While used mostly in cars, only one home air conditioner has been made, as of November 2010, that uses R134a as a standard. As of 2010, new home air conditioners that are produced must use a refrigerant that does not deplete the ozone. While R134a is eco friendly, most new air conditioners produced in 2010 use the R410a because it is even more energy efficient and environmentally friendly.
The WeatherMaker 134A
The WeatherMaker 134A by Carrier Corporation is the first and only residential air conditioner that uses R134a as a refrigerant as of November 2010. The WeatherMaker is made in part from recycled materials and claims to make "efficient use of energy and reduces noise," according to Carrier Corporation. The WeatherMaker offers similar installation and maintenance to average air conditioners but claims to be much more environmentally friendly because the refrigerant "does not contain ozone damaging chlorine atoms," according to Hometips.com. As of 2010, similar home air conditioning systems are being produced, with refrigerants that are even a step above R134a as far as green quality goes.
Try the Frigidaire Window-Mounted Heavy Duty Room Air Conditioner FRA226ST2 if you are looking to be environmentally conscious.The home air conditioner uses R410a refrigerant, is backed by Energy Star and follows the U.S. Energy Guide requirements. Frigidaire claims the model operates "at a low voltage – conserving energy and saving you money." It also has a sleep mode for noise and temperature control throughout the night. Like R134a refrigerant, R410a refrigerant promises to not deplete the ozone. Energy Star certified air conditioners also use at least 10 percent less energy than standard models.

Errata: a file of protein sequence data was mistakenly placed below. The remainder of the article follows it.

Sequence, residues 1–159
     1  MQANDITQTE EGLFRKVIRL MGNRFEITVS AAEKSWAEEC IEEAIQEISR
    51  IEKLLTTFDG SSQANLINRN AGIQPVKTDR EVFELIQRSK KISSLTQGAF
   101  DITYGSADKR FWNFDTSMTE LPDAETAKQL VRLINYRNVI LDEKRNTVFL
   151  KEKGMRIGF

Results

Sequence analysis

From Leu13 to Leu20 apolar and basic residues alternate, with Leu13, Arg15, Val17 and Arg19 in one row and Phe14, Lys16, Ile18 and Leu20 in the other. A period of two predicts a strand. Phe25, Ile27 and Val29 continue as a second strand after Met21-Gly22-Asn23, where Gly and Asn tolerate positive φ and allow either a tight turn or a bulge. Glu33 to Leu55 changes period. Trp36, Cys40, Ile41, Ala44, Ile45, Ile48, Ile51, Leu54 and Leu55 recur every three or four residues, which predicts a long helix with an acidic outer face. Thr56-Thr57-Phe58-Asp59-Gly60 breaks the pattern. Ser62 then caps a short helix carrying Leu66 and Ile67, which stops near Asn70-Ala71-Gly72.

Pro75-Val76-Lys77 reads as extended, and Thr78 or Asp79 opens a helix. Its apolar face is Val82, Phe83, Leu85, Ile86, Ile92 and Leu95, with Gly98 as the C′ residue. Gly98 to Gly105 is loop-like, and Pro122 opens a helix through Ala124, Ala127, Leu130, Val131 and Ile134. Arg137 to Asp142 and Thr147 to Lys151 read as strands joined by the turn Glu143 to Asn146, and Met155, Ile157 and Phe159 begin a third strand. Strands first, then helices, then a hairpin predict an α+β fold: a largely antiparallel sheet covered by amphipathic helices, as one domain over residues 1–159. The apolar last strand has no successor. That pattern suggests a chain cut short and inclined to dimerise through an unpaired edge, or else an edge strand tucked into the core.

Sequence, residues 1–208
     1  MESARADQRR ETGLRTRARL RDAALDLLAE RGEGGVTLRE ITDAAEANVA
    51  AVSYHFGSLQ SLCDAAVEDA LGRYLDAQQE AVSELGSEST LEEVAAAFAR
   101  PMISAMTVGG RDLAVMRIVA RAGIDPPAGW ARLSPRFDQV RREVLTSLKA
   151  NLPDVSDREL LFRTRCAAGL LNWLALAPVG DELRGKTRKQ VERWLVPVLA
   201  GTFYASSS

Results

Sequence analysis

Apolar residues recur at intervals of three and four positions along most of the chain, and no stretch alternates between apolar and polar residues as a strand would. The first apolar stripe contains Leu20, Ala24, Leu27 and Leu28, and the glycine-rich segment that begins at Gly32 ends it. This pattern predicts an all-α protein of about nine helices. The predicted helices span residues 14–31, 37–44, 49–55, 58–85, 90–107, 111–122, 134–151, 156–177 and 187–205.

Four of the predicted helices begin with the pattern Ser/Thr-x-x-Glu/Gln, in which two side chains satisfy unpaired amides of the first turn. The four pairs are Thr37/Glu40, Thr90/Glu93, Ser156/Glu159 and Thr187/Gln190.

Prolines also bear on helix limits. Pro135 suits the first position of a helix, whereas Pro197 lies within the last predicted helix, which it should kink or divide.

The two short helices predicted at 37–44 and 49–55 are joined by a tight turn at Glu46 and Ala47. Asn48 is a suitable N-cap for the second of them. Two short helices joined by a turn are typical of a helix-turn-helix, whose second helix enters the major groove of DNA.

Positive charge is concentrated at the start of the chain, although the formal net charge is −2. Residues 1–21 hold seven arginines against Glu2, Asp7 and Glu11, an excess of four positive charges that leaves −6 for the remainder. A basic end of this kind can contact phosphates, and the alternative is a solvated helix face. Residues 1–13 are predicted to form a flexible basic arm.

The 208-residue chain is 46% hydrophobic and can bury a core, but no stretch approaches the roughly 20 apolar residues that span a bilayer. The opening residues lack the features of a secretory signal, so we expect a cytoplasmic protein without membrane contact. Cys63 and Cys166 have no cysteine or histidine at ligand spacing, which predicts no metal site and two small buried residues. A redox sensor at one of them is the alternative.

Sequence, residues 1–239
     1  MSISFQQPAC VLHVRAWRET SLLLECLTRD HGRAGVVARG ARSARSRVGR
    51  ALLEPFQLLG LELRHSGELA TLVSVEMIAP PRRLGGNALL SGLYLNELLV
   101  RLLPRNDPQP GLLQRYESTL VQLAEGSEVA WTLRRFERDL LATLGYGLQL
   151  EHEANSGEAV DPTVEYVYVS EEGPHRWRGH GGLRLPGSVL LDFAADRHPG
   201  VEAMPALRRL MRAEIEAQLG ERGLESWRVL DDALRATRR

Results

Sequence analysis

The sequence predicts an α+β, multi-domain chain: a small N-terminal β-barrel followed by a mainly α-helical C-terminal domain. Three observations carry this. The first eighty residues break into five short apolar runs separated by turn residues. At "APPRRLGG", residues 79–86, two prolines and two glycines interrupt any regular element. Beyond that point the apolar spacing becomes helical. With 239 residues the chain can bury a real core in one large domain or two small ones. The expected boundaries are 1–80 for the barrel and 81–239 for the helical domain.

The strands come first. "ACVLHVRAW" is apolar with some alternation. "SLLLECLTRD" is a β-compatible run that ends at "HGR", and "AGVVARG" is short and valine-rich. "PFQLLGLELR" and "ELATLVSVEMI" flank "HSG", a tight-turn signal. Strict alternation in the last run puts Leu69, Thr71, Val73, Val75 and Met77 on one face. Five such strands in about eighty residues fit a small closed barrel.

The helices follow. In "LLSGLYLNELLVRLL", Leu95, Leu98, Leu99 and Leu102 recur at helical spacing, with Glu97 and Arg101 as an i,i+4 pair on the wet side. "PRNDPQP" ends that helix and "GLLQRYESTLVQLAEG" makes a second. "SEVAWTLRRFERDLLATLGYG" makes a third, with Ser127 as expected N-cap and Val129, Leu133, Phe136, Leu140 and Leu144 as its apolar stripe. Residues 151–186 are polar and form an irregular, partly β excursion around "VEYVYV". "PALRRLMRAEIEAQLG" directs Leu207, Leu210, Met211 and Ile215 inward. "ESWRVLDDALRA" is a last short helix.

Whynter Eco-friendly 12000 BTU Portable Air Conditioner
The Whynter Eco-friendly 12000 BTU Portable Air Conditioner, another green model released in 2010, uses R410a refrigerant. The portable air conditioner can be used in any indoor room, cooling up to 400 feet, and claims to have better energy consumption than a typical air conditioner. According to Whynter, the air conditioner also "features the patented auto drain technology, which uses and recycles moisture collected during the cooling process to produce cool air." The system is lead free and can also be used as a fan or dehumidifier.
Melissa McCormick has been writing professionally since 2005. As a former Emmy Award-winning journalist in top 50 television markets, she has written news stories, commercial video scripts and website content. McCormick's work has appeared on Fox News Channel programs including "On the Record" and "Studio B." She holds a Bachelor of Arts in communication and political science from the University of Pittsburgh.